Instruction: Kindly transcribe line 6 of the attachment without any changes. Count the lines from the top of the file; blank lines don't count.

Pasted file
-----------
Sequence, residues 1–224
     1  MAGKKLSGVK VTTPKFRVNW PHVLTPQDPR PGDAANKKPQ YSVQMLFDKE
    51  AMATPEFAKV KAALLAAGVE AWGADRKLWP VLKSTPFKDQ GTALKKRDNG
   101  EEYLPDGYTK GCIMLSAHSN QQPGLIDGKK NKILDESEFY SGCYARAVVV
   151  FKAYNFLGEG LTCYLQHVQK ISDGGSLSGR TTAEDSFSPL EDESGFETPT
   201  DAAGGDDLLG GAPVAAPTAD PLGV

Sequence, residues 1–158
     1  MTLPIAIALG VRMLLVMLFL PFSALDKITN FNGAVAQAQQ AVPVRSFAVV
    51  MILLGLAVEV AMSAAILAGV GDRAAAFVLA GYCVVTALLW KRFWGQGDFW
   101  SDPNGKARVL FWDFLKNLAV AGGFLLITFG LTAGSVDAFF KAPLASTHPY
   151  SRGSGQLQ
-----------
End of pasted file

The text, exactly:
   201  DAAGGDDLLG GAPVAAPTAD PLGV